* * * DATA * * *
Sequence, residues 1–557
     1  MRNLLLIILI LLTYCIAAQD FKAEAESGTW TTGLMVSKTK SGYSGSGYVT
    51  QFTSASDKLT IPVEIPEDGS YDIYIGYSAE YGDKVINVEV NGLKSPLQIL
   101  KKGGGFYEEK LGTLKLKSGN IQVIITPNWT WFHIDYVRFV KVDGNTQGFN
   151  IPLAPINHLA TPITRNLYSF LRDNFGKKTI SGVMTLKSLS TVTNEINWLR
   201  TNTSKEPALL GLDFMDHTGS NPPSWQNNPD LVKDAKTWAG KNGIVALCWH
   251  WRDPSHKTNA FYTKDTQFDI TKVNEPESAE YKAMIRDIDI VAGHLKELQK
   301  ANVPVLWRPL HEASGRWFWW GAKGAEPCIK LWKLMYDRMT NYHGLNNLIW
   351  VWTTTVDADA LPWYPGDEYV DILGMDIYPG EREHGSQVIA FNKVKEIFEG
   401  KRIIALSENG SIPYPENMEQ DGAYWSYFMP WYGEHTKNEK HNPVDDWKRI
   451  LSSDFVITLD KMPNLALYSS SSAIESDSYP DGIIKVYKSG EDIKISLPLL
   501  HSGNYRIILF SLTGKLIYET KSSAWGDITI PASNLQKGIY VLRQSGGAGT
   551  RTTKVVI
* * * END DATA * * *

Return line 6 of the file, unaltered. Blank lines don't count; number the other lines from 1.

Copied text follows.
   201  TNTSKEPALL GLDFMDHTGS NPPSWQNNPD LVKDAKTWAG KNGIVALCWH